Of course the downside to cafes is that they can be very expensive at times. Drinks can cost from 3,500-8,000 won each. Some places an Americano (the most basic of coffee drinks in Korea, and the most popular) is 4,000-5,000 each... So while these places are cozy, it costs about the same as a cheap meal to get a drink here.
Sometimes the things you find in bakeries may be off-putting if you're not used to it at first, but after a while you start craving those things. Paris Baguette and other bakeries become a regular part of life for most people who move here (especially students). One of my favorite things about bakeries in Korea are the cakes. Everything either looks rustic or really pretty because a lot of attention is paid to the details. I usually can't help but stop and look at the different cakes or pies in the window display. You also find that the advertisements are pretty close to the real thing in most bakeries.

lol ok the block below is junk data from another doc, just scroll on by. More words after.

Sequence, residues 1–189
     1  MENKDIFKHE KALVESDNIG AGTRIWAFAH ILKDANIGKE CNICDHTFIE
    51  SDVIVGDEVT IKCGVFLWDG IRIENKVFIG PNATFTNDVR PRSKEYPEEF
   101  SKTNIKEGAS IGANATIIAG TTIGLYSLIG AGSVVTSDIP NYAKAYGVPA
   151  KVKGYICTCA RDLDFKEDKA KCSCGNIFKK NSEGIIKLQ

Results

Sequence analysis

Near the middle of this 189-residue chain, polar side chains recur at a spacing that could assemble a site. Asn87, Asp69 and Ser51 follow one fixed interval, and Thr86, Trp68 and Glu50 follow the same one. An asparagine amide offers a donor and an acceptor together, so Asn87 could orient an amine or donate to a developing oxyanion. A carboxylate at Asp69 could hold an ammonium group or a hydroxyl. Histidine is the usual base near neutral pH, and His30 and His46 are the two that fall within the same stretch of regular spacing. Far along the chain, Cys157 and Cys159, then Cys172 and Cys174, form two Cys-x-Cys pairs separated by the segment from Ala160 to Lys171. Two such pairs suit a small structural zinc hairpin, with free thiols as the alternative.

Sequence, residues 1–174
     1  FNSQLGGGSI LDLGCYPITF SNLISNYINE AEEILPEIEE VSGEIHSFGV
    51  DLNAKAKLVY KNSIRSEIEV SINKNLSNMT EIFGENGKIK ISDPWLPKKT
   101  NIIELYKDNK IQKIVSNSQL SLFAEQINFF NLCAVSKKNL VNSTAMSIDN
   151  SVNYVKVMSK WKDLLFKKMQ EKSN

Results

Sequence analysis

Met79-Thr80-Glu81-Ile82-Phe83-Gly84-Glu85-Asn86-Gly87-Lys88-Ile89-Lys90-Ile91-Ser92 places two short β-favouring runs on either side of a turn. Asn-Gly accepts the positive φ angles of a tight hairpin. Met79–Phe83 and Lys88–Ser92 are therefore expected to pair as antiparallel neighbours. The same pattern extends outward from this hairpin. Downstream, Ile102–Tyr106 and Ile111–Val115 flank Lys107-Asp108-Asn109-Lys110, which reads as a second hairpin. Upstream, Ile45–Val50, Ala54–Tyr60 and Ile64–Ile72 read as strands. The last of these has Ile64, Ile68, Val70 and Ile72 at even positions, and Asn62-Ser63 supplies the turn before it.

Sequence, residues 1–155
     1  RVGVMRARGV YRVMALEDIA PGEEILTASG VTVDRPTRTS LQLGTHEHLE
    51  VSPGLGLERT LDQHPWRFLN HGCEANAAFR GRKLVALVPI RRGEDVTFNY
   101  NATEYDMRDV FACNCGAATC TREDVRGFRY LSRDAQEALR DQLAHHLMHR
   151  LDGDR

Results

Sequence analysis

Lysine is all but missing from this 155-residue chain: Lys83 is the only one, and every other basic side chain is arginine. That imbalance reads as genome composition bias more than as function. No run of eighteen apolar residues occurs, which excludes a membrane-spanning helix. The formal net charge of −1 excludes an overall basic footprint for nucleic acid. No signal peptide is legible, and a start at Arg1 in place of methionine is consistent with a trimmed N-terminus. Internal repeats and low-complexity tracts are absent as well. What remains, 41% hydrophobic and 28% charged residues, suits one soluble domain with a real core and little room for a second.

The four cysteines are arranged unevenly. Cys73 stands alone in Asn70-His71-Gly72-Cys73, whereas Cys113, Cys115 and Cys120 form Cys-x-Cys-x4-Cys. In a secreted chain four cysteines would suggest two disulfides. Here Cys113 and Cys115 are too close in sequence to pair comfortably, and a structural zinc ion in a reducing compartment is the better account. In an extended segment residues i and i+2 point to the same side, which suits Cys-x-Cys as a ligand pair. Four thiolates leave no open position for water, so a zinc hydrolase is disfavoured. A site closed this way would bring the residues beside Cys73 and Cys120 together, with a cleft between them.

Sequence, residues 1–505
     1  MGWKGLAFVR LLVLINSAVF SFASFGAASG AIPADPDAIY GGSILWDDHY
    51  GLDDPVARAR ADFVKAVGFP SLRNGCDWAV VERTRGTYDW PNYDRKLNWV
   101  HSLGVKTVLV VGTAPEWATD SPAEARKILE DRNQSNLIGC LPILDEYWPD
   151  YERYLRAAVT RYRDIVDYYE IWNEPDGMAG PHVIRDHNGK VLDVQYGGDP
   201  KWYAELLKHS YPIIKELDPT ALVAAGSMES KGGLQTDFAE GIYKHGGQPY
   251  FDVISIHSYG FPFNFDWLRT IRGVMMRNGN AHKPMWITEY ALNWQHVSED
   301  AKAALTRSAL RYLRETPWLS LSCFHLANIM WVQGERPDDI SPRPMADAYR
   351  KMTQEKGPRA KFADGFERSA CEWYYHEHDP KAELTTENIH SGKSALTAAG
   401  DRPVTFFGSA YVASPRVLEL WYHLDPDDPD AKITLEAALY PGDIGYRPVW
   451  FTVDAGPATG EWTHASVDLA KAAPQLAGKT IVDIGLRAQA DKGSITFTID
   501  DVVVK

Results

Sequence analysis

The price range really depends on what you're buying and where you go. Usually you can find bread and pastries for around 1,500-4,000 won. Cakes range from 15,000-30,000 depending on the size and toppings.
Again it may take some time to get adjusted to the taste, and some thing I just don't really like (and that's totally okay). Sometimes the cakes are really soaked in liquid and aren't that firm, and also a lot of things aren't very sweet. I don't really like sugary things, so I enjoy the sweet baked goods because they aren't overwhelming. Overall, I visit these places way more often than I probably should, and I even got a Happy Point card for Paris Baguette and have a lot of points saved up at this point!
Those are a few of my favorite places since I've moved here, if you've visited or live in South Korea please let me know what some of your stand-by places are! I'm sure there are so many other places to love but I just wanted to choose a few of my basics. Thank you for reading!
See you next time you jump down the Rabbit hole,